Smoke and Ashes Launch & Benefit Raffle

I’m thrilled to announce that I will be hosting a benefit for the Missoula YWCA through the Smoke and Ashes Launch & Benefit Raffle. My novel, Smoke and Ashes, delves into a relationship in which the heroine feels trapped in an unhealthy and abusive relationship. I felt a special need to raise awareness and funds for this organization because not only have my character’s lives been affected by domestic violence but mine has as well. This is my chance to make a difference in the lives that are still in jeopardy.YWCA-Transparent-LogoMany of my friends and family members have also benefited from the YWCA—finding housing, jobs, and the support they needed to leave abusive relationships...and make sure they and their children are safe.All money raised will go directly to the Missoula YWCA. YWCA Missoula is dedicated to eliminating racism, empowering women and promoting peace, justice, freedom and dignity for all.They will provide services that will change lives (including transitional housing, emergency housing, and rapid re-housing), services that will help end domestic and sexual violence (through emergency shelter, services for children, support groups, and sexual assault services), and transform our community (through GUTS—Girls Using Their Strengths), summer outdoor adventure camps, after-school groups, and community action projects).Domestic violence is a silent epidemic. Women all over the United States, in all socioeconomic brackets, are suffering.By donating today, you will be helping women break the cycle of abuse and find a place where they, along with their children, can start fresh.You can change a life. To donate to the YWCA directly, click: Missoula YWCA.Smoke and Ashes_thumbnailSmoke and Ashes will land on store shelves on April 19, 2016! It will be available at all booksellers.I’ve started to receive donations for the Smoke and Ashes Launch & Benefit Raffle. The raffle tickets will be offered at all Missoula book signing events: April 23 @Barnes and Noble from 1-3 p.m., April 30 @Hastings from 1-3 p.m., and the final day (in which I shall pick winners) is May 7 @Fact and Fiction from 11-1 p.m. I would love to see you there! (I will also be signing at several RT events in Las Vegas.)Feel free to check out the event's page on Facebook!Raffle items include books, promotional materials, wine and spirits, household goods, Baskin Robbins gift cards, a variety of awesome prizes! Thanks to Janie Crouch (a Harlequin author from Germany) we even have donations coming from across the world! J Cash donations have started to arrive including Rocky Mountain Dental Lab and Kohl’s of Missoula (who has stepped up and donated $500 for the event—thank you Kohl’s)!If you’d like to donate items to the raffle, you can contact me directly: DanicaWinters (AT sign) DanicaWinters (Dot) net.  (Sorry for the wonky spelling of the email address, but I get A LOT of spammers.) You can also get directly to me by tweeting me @DanicaWinters.ALL donations are welcome.This is your chance to make a difference.*If you or someone you know needs help escaping domestic violence, you can call the Domestic Violence hotline (1-800-799-7233) or check out the DV website: http://www.thehotline.org/blog/get-help-today/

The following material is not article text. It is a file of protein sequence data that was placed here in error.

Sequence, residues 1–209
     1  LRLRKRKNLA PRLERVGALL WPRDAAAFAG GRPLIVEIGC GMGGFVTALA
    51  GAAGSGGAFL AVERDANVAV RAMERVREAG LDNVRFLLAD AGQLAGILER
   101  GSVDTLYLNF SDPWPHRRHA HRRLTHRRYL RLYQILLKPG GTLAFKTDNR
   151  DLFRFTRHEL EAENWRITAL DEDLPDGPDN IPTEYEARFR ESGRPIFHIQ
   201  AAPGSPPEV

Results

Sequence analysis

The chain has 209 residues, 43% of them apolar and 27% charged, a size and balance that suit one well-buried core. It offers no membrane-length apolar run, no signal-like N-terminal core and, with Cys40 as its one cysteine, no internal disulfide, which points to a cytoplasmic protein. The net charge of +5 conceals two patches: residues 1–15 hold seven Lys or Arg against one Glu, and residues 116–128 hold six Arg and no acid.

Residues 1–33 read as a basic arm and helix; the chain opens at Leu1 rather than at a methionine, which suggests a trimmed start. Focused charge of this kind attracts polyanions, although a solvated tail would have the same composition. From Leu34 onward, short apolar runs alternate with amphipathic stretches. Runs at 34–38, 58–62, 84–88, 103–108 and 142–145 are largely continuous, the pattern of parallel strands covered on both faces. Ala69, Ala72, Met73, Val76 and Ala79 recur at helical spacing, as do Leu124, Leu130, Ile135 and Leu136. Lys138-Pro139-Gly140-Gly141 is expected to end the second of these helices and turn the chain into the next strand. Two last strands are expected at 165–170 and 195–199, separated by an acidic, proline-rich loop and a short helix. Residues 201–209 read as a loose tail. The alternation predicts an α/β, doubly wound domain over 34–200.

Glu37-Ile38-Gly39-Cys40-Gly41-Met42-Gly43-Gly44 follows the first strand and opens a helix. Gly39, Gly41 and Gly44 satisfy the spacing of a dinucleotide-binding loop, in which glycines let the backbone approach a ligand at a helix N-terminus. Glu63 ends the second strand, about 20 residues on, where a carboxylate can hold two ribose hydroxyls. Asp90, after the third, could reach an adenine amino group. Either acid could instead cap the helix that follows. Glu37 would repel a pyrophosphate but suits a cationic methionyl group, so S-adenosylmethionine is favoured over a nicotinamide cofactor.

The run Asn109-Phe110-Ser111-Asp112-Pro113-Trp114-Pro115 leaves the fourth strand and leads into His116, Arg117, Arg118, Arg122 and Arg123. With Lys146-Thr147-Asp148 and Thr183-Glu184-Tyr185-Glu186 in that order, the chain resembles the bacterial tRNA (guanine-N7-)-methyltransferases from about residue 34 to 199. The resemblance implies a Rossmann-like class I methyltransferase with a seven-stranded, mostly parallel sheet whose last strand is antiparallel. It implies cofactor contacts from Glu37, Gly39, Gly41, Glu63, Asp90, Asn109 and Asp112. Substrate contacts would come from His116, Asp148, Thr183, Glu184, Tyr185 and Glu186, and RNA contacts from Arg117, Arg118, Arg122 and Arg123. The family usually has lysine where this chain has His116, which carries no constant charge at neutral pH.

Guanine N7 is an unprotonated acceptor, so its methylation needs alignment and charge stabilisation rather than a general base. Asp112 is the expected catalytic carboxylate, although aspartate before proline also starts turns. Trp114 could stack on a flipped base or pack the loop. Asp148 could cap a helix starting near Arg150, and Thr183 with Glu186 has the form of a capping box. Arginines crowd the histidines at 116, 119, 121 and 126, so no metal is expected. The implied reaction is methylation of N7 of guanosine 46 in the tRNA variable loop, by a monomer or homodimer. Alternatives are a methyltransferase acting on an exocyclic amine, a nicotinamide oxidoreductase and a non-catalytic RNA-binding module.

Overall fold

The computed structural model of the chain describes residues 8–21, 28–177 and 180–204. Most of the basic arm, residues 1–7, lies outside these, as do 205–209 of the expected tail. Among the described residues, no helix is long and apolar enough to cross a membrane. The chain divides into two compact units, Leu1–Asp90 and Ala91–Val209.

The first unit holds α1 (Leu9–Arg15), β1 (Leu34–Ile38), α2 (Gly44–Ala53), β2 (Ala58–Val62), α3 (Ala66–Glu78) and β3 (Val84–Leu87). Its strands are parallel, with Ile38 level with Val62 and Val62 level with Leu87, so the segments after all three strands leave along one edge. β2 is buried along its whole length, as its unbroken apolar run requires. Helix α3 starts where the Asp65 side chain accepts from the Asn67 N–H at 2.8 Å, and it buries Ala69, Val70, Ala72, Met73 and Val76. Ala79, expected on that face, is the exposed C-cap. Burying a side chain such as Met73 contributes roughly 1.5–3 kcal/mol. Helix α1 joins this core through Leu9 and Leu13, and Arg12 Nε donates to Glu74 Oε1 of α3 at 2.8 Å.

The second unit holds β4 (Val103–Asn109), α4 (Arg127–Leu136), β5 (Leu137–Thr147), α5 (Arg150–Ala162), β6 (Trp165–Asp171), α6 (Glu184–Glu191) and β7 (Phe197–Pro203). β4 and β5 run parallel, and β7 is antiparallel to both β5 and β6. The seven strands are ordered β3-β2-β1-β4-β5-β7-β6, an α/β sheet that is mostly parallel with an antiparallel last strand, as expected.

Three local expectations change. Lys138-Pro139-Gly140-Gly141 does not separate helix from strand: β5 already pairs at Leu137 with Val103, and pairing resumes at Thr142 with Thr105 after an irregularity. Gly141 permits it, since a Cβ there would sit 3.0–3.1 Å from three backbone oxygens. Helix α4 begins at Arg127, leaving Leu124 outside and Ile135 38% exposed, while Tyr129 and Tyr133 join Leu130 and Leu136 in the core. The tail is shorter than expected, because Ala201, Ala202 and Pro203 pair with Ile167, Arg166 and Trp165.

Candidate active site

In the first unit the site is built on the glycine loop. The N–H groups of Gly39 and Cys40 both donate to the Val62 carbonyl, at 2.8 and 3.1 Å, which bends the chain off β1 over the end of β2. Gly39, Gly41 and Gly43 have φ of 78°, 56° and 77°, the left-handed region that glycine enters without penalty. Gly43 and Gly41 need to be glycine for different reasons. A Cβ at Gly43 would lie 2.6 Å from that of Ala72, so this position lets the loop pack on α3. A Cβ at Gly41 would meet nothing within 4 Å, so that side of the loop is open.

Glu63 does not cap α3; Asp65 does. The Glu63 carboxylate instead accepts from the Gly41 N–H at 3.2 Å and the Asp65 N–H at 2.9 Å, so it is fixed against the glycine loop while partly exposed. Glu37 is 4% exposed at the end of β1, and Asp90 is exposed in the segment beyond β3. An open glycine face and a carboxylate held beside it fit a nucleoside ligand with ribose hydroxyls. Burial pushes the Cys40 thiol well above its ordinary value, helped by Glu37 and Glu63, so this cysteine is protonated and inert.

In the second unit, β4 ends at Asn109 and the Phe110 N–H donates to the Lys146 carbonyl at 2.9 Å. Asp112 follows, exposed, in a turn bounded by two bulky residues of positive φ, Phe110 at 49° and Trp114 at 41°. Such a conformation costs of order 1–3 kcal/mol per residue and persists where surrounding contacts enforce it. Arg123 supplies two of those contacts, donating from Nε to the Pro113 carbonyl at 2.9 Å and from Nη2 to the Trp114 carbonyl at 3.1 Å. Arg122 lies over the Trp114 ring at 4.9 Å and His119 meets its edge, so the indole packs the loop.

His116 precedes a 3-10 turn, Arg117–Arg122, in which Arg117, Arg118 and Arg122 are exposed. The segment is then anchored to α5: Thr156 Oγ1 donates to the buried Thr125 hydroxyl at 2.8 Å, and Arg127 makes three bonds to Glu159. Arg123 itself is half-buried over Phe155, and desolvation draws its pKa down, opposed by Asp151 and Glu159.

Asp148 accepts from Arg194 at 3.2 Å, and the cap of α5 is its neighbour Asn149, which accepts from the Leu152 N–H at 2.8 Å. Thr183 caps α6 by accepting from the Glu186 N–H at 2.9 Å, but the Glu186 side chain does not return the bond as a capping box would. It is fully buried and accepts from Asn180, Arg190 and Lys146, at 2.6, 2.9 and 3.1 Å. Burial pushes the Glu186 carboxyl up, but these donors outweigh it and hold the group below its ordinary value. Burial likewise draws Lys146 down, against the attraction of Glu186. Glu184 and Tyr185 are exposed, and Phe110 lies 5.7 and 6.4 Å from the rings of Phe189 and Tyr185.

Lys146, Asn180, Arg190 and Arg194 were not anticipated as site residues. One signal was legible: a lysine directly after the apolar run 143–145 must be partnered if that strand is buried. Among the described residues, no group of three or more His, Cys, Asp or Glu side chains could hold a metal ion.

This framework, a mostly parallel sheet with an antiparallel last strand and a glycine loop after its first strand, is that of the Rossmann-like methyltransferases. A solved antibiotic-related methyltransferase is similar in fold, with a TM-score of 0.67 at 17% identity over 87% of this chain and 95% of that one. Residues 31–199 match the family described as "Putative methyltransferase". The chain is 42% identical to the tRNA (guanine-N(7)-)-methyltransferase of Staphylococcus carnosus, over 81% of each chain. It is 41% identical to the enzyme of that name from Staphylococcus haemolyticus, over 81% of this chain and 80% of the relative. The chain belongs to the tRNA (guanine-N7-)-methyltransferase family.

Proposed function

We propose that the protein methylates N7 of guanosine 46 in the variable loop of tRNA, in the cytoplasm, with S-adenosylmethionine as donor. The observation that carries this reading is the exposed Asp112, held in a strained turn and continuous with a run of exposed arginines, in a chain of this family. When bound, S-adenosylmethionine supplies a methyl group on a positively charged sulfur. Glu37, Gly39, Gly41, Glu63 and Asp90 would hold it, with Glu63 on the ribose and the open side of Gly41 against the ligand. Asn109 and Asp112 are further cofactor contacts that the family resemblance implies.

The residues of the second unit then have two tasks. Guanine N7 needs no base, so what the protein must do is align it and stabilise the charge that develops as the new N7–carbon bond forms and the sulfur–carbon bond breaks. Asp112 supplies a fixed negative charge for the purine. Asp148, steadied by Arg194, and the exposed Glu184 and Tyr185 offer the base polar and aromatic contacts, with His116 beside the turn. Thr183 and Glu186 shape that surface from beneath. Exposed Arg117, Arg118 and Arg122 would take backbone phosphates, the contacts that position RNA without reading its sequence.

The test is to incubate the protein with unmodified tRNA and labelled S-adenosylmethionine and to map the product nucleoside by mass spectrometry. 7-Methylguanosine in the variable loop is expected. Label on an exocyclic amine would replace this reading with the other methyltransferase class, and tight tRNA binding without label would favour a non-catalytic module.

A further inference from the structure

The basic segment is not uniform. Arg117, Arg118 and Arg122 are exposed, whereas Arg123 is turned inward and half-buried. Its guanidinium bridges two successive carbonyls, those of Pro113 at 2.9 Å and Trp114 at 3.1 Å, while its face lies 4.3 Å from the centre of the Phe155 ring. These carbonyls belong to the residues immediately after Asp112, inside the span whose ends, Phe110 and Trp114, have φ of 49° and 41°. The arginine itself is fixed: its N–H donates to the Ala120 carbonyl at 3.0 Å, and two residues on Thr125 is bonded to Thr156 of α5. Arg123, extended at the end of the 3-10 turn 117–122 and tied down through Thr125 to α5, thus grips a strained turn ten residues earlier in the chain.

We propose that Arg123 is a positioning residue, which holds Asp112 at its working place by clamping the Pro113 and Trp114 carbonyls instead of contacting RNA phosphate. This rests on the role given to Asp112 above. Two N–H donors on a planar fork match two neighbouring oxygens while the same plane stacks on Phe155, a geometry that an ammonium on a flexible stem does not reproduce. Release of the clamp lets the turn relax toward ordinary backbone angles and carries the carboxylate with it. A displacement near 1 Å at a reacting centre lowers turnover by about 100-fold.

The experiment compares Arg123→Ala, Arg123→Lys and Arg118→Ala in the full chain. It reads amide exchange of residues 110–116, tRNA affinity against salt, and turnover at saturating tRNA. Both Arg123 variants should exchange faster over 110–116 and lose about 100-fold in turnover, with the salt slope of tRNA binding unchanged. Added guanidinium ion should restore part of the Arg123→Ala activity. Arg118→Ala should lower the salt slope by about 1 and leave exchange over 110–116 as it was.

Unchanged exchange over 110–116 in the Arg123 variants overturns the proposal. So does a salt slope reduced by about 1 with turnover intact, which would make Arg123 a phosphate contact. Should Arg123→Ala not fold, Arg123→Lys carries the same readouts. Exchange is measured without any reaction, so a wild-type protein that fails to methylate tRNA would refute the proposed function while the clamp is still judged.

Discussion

Quick Update on 5/15/2016:

Thank you to all of you who came out and supported the Smoke and Ashes Launch and Benefit Raffle. Together we helped raise $1200 for the Missoula YWCA. I couldn't be more proud that we came together to empower women and their families within my local community.I look forward to doing something like this again!